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Fact Sheet

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This multi-year project with the Army CCDC-SC STTC focused on research and development of emerging tools, techniques, and technologies that could further advance scenario-based military medical training. Since initial development of Tactical Combat Casualty Care Simulation (TC3Sim) in 2005, many technologies have become available that warranted further research to determine their applicability to training. For example, commercial game engines have become more powerful at a fraction of their previous costs. How will these new capabilities best be applied to support training and education?

A primary objective of this research was to develop and prototype technologies that demonstrate the ability to improve the efficiency for how people learn. ECS evaluated, implemented, and refined these technologies to assess their impact on learning. To establish a baseline for testing, ECS ported TC3Sim into a modern game engine (Unity3D) to expand options for delivery and future development.

This research and development also included a multi-modal study on the use of highly immersive technologies and systems, including cave environments, virtual reality (VR), augmented reality (AR), mixed reality (MR), and Haptics. By exploring enhanced TC3 military medical training in a variety of VR, AR, and MR simulation modalities, TC3Sim now delivers a more comprehensive training experience with intuitive natural user interfaces combined with a realistic sense of touch and intuitive interactions.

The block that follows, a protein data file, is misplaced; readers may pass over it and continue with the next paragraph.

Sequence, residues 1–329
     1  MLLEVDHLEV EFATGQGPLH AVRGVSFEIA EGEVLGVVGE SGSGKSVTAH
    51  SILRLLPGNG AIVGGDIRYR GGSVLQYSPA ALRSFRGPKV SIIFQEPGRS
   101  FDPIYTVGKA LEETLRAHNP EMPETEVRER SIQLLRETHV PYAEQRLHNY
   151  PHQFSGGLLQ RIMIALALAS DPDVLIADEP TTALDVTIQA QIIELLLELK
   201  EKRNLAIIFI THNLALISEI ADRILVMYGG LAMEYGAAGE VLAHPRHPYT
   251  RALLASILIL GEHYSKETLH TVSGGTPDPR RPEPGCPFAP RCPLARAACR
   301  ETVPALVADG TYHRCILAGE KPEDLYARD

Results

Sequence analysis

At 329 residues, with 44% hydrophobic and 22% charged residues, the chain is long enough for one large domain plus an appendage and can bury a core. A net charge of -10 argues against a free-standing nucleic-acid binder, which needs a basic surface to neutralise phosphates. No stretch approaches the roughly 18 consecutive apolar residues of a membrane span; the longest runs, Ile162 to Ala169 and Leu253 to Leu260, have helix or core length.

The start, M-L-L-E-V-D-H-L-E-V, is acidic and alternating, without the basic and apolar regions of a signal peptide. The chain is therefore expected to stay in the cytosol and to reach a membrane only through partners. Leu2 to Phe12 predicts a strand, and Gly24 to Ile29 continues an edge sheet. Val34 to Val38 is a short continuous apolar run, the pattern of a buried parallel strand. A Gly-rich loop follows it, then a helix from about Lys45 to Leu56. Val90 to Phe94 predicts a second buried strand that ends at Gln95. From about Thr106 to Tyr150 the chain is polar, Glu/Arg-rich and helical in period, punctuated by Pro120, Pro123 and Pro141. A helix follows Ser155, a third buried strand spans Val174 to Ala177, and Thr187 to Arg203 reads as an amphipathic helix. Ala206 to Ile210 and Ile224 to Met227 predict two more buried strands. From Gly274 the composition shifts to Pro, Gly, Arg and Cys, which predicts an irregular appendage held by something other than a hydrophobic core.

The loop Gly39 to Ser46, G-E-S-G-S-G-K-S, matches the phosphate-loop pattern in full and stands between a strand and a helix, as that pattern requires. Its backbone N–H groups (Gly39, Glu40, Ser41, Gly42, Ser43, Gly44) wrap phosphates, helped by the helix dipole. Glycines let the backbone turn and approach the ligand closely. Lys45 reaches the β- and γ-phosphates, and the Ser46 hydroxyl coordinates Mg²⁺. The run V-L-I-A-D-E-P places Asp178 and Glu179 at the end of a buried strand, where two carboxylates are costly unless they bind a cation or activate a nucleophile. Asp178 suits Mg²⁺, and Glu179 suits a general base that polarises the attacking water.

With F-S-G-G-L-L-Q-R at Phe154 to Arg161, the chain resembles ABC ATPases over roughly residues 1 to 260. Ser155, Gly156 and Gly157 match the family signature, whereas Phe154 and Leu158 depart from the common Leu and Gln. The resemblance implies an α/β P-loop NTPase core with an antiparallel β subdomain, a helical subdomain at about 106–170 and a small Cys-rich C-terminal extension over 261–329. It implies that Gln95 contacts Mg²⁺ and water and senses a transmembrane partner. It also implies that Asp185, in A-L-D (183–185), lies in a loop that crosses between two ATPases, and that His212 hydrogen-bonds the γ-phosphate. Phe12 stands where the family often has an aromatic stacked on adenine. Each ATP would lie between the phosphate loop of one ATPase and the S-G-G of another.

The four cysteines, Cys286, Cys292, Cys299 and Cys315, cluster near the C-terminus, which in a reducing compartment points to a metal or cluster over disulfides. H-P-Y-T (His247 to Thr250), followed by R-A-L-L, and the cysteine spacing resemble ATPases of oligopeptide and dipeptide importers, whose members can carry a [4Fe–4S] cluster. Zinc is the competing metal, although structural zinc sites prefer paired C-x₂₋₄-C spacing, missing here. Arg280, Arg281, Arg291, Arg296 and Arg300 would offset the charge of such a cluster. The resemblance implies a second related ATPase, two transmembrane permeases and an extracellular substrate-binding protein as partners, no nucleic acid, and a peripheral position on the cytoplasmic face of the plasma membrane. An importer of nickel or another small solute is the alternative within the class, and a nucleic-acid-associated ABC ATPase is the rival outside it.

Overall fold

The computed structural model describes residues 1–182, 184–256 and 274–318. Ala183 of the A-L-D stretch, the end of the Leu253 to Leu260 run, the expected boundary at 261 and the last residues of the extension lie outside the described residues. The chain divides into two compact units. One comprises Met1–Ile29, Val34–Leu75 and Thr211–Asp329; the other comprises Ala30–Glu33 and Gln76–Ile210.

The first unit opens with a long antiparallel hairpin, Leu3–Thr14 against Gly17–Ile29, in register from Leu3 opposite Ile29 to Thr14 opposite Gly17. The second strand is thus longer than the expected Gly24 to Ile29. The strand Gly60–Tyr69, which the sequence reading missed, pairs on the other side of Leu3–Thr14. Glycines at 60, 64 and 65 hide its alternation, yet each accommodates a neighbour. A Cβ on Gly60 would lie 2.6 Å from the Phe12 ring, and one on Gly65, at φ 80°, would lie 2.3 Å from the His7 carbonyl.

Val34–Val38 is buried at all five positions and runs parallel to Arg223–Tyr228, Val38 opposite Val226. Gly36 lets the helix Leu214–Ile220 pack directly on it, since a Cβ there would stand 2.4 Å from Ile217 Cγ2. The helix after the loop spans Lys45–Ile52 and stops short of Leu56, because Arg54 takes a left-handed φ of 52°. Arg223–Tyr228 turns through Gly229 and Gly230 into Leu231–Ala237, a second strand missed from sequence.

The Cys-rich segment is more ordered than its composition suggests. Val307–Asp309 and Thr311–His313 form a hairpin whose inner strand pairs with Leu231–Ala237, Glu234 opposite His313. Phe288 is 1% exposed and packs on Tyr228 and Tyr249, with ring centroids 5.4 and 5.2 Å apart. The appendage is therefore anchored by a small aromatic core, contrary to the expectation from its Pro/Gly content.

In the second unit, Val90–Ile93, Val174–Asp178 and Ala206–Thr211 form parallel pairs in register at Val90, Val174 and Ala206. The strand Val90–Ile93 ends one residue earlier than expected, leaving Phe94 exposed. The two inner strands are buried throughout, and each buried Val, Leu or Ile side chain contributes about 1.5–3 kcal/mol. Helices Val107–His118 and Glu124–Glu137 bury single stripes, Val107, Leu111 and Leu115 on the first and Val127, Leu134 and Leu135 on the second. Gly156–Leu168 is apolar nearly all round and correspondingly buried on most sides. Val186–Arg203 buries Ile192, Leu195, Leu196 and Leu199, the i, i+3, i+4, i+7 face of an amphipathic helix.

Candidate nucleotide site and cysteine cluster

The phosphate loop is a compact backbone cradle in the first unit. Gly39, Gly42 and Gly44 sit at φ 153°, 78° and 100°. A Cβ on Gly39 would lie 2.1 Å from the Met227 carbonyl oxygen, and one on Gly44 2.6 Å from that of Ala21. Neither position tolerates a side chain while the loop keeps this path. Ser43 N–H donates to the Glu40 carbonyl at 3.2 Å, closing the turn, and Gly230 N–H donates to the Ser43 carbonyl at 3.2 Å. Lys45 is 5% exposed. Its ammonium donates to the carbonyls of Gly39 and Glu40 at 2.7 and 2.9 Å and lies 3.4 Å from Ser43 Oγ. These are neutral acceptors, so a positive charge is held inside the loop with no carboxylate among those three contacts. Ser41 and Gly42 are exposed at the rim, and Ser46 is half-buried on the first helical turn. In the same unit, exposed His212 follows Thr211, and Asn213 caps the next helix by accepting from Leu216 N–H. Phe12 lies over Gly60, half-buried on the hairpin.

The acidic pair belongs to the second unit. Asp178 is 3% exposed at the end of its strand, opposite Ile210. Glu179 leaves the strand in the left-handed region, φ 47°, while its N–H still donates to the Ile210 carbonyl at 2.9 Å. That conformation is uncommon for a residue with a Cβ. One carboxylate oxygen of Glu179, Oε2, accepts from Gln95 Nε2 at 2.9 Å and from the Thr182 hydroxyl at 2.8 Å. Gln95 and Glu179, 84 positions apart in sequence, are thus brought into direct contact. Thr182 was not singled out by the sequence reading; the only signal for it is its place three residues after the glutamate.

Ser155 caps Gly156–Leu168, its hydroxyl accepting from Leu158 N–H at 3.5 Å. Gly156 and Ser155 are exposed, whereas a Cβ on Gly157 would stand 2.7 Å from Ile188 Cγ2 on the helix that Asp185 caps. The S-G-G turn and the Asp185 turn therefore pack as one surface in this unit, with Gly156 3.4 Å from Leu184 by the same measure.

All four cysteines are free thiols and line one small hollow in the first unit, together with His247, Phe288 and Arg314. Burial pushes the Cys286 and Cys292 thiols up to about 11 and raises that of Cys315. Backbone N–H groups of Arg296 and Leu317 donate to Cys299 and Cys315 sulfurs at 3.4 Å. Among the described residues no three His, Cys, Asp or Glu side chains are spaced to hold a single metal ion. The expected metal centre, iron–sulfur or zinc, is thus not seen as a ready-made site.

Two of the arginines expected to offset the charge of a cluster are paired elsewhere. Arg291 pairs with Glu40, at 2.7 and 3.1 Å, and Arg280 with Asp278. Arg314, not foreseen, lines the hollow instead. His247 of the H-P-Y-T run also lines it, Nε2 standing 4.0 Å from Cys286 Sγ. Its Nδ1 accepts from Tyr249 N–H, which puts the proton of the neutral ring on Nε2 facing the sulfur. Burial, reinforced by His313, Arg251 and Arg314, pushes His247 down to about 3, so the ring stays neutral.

As part of this work, the ECS team developed multiple extended reality (XR) training scenarios that utilize haptics technology across a range of skill objectives and multiple hardware platforms. TC3Sim uses these story-driven scenarios to teach and evaluate a combat medic’s knowledge of the required tactics, techniques, and procedures in a fully immersive virtual environment. Through the addition of haptics, Medics, Soldiers, First Responders, and healthcare professionals can now interact with and feel the virtual environment. Trainees can now shift their perspective from the typical VR experience of clicking a button on a controller to now interacting with a more natural approach of physically grasping an object or reaching out and touching a casualty with their hand. Trainees can bandage a wound, apply a tourniquet, and perform other highly tactile procedures while immediately feeling the surface, pressure, or resistance of their interactions. This transformational use of XR enhances the performance of medical teams and set the foundation for extensive follow-on research toward Army objectives, including the emergence of the Synthetic Training Environment (STE).

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